But this team spent spring training talking about raised expectations, a logical next step for a group of young players supposed to make up part if not much of the rosters of the future that will carry expectations of a lot more success. And while the individual improvements of Yoan Moncada and Tim Anderson and and Eloy Jimenez and Carlos Rodon and Reynaldo Lopez are more important than whatever the win-loss record ends up being, there was a realistic hope within the fan base for more wins.

In part, that was due to the competition around these White Sox. The AL Central is aggressively weak, the Kansas City Royals and Detroit Tigers further back in their own rebuilding efforts than Rick Hahn's front office ever was and the supposed "upper echelon" of the Cleveland Indians and Minnesota Twins anything but terrifying. Outside of the Boston Red Sox (who to this point have been atrocious in defending their World Series championship), the New York Yankees (with a ridiculous number of players on the injured list) and the Houston Astros (generally taking care of business though not in first place in the AL West), did any other American League team look unbeatable during the preseason?

And yet, 23 games into their 2019 campaign, the White Sox have been knocked around by the American League — the good, the bad and the ugly of it.

Wednesday's 4-3 defeat to clinch a series loss to the Baltimore Orioles was particularly disheartening when it comes to which teams the White Sox will be able to take advantage of this season. The Orioles lost 115 games in 2018, the worst team in baseball, and things aren't exactly looking up this time around, either. Well, they just took two of three against the White Sox, knocking the South Side starting staff around enough that Ervin Santana's 4.2 innings of work Wednesday were the most of a White Sox starter in the series. Manny Banuelos and Ivan Nova went four innings apiece in the first two contests.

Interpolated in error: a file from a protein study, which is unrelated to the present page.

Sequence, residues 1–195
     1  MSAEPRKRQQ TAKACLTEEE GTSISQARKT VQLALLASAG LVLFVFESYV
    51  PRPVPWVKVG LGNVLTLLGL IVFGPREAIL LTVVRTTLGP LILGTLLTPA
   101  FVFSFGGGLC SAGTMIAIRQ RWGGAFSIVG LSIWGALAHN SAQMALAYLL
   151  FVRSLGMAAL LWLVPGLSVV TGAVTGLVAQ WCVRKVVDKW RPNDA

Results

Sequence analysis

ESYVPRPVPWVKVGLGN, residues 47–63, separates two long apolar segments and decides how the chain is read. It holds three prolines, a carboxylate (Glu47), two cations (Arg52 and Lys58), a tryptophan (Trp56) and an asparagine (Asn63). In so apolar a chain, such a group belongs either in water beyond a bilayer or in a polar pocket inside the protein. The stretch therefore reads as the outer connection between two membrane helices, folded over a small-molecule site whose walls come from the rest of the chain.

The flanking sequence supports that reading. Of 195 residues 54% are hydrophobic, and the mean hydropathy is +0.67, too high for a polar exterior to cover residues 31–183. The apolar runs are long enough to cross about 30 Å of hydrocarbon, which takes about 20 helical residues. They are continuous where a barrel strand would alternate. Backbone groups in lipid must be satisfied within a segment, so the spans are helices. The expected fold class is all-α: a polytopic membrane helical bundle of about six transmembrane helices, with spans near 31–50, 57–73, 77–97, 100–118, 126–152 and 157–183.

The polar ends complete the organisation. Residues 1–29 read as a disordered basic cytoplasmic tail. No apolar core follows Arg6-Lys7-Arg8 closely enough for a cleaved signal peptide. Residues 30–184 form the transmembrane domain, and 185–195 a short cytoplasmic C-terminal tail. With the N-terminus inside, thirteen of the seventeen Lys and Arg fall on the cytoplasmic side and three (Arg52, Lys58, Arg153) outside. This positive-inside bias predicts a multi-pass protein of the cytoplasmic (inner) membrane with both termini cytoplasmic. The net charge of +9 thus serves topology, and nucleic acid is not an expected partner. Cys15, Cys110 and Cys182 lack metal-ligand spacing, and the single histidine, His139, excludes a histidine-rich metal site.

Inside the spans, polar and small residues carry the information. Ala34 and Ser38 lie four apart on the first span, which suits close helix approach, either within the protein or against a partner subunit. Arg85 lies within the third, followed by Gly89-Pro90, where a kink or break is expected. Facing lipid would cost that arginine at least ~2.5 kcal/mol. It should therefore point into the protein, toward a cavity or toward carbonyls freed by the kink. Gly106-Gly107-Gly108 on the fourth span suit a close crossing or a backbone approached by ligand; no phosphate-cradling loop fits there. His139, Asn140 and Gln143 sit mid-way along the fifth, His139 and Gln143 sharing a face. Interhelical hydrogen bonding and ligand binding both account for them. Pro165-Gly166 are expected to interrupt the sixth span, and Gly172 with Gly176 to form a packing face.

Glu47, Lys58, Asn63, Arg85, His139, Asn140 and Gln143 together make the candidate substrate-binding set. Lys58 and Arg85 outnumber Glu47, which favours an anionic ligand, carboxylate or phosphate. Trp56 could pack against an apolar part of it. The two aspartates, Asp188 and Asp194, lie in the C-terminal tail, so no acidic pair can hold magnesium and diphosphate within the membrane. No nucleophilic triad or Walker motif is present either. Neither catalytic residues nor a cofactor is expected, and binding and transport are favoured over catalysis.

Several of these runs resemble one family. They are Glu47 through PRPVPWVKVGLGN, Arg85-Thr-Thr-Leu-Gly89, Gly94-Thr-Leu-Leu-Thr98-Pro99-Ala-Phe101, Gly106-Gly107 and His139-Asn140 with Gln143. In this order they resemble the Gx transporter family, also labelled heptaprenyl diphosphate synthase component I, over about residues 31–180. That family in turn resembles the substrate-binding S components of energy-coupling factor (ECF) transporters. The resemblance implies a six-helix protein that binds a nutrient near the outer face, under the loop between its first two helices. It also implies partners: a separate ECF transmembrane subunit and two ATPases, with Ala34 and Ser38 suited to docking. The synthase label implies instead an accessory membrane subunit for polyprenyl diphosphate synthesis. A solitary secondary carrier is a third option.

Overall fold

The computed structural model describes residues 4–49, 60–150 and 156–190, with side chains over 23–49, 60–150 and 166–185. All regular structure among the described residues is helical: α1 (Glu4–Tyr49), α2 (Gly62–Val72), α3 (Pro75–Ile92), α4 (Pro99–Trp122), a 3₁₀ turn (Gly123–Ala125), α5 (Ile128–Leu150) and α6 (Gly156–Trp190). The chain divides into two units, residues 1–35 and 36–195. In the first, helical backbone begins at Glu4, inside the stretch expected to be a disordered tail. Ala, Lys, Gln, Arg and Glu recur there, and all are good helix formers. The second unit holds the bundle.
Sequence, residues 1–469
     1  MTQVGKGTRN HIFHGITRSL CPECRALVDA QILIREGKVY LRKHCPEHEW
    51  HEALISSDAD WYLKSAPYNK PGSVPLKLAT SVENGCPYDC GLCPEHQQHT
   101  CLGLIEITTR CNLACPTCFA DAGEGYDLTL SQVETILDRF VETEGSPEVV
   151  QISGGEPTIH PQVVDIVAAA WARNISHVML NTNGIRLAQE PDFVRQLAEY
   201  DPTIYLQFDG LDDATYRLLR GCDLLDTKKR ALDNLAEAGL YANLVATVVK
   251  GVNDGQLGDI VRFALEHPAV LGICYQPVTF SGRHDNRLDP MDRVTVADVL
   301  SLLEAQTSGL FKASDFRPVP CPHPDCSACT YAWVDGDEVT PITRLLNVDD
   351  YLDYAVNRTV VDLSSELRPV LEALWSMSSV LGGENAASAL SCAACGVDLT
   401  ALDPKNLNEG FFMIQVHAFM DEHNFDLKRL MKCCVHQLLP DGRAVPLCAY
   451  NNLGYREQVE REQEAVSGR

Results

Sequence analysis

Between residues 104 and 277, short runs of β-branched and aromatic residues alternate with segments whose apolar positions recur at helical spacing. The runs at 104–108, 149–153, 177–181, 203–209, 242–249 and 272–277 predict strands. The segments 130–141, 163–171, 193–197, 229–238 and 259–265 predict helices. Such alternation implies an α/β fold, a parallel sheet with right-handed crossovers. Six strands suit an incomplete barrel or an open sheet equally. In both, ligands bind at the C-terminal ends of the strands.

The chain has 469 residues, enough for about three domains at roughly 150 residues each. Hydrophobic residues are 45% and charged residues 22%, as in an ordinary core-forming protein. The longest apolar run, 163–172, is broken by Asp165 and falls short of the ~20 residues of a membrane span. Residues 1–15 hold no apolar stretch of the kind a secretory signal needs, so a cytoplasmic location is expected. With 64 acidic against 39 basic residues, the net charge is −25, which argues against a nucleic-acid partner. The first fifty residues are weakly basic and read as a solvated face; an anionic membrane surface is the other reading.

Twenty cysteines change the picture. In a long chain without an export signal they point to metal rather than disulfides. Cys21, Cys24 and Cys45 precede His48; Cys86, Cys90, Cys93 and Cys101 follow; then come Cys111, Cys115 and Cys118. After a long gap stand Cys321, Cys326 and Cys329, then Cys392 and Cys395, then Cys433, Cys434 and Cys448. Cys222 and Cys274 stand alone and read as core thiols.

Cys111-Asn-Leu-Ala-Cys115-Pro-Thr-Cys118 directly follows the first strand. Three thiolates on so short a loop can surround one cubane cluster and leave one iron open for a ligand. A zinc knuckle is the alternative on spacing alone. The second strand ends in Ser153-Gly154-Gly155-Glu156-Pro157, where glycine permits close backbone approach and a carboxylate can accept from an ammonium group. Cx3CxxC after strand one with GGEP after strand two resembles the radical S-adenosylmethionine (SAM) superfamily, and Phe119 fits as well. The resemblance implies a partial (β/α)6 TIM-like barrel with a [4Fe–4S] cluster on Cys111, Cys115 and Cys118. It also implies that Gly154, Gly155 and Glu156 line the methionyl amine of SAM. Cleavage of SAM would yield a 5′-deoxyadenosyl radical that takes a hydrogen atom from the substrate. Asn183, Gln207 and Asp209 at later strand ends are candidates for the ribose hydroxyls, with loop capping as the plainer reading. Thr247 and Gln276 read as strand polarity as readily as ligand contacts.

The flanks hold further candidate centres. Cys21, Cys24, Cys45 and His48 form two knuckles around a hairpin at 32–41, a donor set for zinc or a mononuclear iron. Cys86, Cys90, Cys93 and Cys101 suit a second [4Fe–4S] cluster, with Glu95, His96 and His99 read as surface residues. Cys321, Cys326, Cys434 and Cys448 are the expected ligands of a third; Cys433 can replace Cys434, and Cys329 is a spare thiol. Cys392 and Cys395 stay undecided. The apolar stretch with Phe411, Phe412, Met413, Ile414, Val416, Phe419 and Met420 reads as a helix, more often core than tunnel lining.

The Royals and Tigers? Those two teams combined to lose 202 games last season and seemed good bets to finish with worse records than the White Sox this season. That can certainly still happen, but so far the White Sox have split six games against the Royals and dropped two of three in their first series against the Tigers last weekend.

They've split two games with the Indians. They went a gross 1-5 against two surprise division leaders, the Tampa Bay Rays and Seattle Mariners. The only team the White Sox have a winning record against is the aforementioned Yankees thanks to taking two of three in The Bronx earlier this month.

A rebuilding team not expected to make the playoffs losing to a smattering of teams including two of the best in the game to this point is not surprising. No one should pretend that other teams aren't seeing the White Sox in the same light White Sox fans see the Royals and Tigers and Orioles. The White Sox lost 100 games last year, too.

But if the expectations have truly increased, if there is progress truly being made, then these are the teams the White Sox should be showing that progress against. They haven't.

Now, individually, things are a bit of a different story. This series in Baltimore featured no starting pitcher that can be considered a part of the White Sox long-term plans, and Nova and Santana turning in losing efforts against the Orioles, no matter how frustrating, doesn't really have negative consequences for the future. Anderson and Moncada are still batting over .300, Jose Abreu could be in the middle of an early season turnaround, and the bullpen only gave up two runs in three games despite pitching more than 12 innings. In the end, what the young guys do will be what's most important, not the White Sox record against any individual team this season.

But the frustrations can be understood — and surely they're being felt inside the White Sox clubhouse as much as they are outside it — because taking care of business against teams expected to be at the bottom of the standings was supposed to be one of the examples of progress, one of the examples of improvement. The White Sox haven't taken care of business against those teams yet this season.